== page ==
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Resume Writing Tips for the Evolving Resume Format

When we were in school, we may have been told that your resume format should basically be your educational and professional history in li...


When we were in school, we may have been told that your resume format should basically be your educational and professional history in list form. You should pad it with as much detail as you can, especially when it comes to responsibilities in past positions that may be even remotely related to the current career you are pursuing. Besides the actual formatting, the meat of a resume didn't really change much before the advent of online job searching and recruitment. Even searching for free resume templates may bring up old, outdated formats that won't perform well in today's job marketplace.

As more and more employers and recruiters are using technology to post their job openings, as well as assistance in finding the most relevant resumes for a position, the chances of your resume being read in full by a human continue to decrease. The amount of time with eyes on a resume varies from six seconds to twenty seconds, according to different online sources. This flies in the face of everything we had been told before about the value of a well-padded, in-depth resume. Understanding the latest guidelines for your resume format will help your resume move through the various levels until someone actually looks at it and potentially opens the door to a job interview. Consider these top 3 easy resume writing tips when refreshing your resume:


1. Use the right keywords on your resume
Just as various companies craft their content to improve their Google search rankings, your resume needs to contain keywords that tie your accomplishments and skills back to the job description. It is not only possible, but likely, that a recruiter or employer will use keyword searches to bring up the resumes that they feel will be most worth their time to review. Read the job description carefully and review your resume before submitting it. This may mean tailoring your resume slightly to each position you are applying for, but especially if a certain opening is high on your list, it may be worth the effort to tweak your resume to more closely match the types of keywords they are using in their description.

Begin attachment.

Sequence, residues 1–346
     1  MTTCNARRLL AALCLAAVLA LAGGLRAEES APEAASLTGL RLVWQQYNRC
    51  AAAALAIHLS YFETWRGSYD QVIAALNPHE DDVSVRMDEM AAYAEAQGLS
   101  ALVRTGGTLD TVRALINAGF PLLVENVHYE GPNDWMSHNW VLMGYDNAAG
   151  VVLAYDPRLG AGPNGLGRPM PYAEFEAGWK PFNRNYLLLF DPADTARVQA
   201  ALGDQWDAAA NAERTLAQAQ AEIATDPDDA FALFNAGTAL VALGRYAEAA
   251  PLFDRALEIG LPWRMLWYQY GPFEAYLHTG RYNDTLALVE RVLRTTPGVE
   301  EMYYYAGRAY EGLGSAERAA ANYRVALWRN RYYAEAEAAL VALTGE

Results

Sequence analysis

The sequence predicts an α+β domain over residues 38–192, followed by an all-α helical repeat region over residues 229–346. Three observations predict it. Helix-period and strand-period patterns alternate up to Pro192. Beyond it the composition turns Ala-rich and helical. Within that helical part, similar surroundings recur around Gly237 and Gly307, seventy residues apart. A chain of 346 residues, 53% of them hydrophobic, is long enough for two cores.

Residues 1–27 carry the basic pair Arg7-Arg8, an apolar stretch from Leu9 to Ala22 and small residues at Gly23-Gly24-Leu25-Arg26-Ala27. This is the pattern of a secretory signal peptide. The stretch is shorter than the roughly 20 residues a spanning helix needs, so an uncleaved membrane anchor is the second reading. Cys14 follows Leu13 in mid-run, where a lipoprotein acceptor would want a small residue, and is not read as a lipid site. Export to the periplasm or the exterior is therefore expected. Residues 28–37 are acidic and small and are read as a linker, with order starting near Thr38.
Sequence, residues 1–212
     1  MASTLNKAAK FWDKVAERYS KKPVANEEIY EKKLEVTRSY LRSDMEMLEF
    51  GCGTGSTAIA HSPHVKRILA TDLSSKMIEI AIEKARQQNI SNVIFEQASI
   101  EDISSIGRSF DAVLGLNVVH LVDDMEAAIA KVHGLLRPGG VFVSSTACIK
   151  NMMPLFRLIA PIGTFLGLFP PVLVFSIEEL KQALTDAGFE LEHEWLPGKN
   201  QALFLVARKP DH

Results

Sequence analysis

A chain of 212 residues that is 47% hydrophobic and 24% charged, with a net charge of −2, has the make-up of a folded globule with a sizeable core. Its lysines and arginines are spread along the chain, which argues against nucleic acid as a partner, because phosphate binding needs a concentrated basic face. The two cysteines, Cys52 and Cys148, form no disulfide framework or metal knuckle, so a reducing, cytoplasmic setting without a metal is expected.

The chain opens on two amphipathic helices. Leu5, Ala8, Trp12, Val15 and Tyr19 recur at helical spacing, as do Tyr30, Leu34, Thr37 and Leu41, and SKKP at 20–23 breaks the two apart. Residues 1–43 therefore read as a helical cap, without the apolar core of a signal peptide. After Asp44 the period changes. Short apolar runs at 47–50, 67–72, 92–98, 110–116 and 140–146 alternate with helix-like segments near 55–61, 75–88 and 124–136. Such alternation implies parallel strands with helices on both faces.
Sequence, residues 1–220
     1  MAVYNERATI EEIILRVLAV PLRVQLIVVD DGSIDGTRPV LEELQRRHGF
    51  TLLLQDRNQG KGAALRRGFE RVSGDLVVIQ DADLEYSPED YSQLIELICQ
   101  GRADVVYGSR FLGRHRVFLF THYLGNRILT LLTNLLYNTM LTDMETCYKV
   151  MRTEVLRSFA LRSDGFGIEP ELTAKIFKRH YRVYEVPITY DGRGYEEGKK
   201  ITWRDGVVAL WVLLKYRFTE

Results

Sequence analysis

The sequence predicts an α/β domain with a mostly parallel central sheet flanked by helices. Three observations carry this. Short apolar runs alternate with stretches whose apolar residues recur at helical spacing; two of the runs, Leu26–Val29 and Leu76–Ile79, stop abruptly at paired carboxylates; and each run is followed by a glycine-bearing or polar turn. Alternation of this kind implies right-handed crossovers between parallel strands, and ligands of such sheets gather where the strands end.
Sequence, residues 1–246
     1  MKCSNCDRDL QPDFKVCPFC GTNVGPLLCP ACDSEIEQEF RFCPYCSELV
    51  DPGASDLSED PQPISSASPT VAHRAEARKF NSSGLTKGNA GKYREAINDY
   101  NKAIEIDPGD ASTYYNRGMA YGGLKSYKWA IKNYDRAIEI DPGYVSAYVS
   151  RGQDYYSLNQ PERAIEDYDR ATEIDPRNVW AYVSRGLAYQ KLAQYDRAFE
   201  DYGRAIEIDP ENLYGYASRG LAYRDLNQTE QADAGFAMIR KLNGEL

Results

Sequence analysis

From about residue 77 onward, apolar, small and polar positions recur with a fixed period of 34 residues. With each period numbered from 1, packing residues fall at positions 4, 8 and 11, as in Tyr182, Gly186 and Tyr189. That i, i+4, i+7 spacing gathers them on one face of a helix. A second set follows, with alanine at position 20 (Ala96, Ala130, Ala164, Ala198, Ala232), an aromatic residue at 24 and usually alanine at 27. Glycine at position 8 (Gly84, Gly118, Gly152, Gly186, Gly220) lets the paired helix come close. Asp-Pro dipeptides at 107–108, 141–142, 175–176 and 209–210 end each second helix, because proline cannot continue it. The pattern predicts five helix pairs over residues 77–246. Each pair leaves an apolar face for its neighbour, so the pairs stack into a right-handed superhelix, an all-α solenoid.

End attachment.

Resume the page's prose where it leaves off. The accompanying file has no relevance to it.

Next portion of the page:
2. Highlight quantifiable achievements and accomplishments
You are not necessarily selling yourself to an employer any longer. Employers are looking for results and want to make sure that whoever they hire is going give them measurable returns, if that's the kind of position you are seeking. If your past positions have any sort of quantifiable achievements that you can provide in your resume, that will give you a much higher leg up than just saying you were a sales representative, for example. Include what kinds of growth you provided for your previous employers, such as a 25% increase in sales with existing buyers or expansion of sales into four new markets.


3. Make sure your resume template is current and on-trend
There are many sites that provide free resume templates to give you an idea of where to start, though as mentioned above, they won't all be relevant today, so use a trusted site like Ladders that stays on top of the trends. Your resume format should be clean and uncluttered. Gone are the days of paragraphs; stick to bullet points that are easy to skim and don't drag out longer that needed. Don't use special fonts or colors to try to stand out, as these will just make your resume look less professional and possibly harder to read. Stick to fonts like Arial, Helvetica, and Calibri with the size set to 10 or 12 point. Even Times New Roman, the gold standard for many years, has lost favor with readability on a computer screen as fewer resumes make it onto paper.


Many of us reuse our resumes and just continue to add to and tweak them as we move forward in our professional careers, but the market has changed and overhauling your resume format may make the difference between someone reading your resume or being lost in cyberspace.